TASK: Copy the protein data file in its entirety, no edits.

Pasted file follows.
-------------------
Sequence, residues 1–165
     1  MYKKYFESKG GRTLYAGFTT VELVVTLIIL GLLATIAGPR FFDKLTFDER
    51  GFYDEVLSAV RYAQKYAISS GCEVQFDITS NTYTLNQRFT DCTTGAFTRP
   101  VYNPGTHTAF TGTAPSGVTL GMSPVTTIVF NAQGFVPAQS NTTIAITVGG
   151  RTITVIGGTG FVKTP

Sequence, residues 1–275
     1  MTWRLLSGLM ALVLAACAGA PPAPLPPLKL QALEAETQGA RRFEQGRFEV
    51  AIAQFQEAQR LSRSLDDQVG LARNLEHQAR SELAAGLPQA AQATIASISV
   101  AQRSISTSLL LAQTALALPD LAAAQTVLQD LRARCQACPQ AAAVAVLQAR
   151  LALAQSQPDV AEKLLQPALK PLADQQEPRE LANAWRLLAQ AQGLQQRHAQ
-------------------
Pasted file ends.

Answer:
Sequence, residues 1–165
     1  MYKKYFESKG GRTLYAGFTT VELVVTLIIL GLLATIAGPR FFDKLTFDER
    51  GFYDEVLSAV RYAQKYAISS GCEVQFDITS NTYTLNQRFT DCTTGAFTRP
   101  VYNPGTHTAF TGTAPSGVTL GMSPVTTIVF NAQGFVPAQS NTTIAITVGG
   151  RTITVIGGTG FVKTP

Sequence, residues 1–275
     1  MTWRLLSGLM ALVLAACAGA PPAPLPPLKL QALEAETQGA RRFEQGRFEV
    51  AIAQFQEAQR LSRSLDDQVG LARNLEHQAR SELAAGLPQA AQATIASISV
   101  AQRSISTSLL LAQTALALPD LAAAQTVLQD LRARCQACPQ AAAVAVLQAR
   151  LALAQSQPDV AEKLLQPALK PLADQQEPRE LANAWRLLAQ AQGLQQRHAQ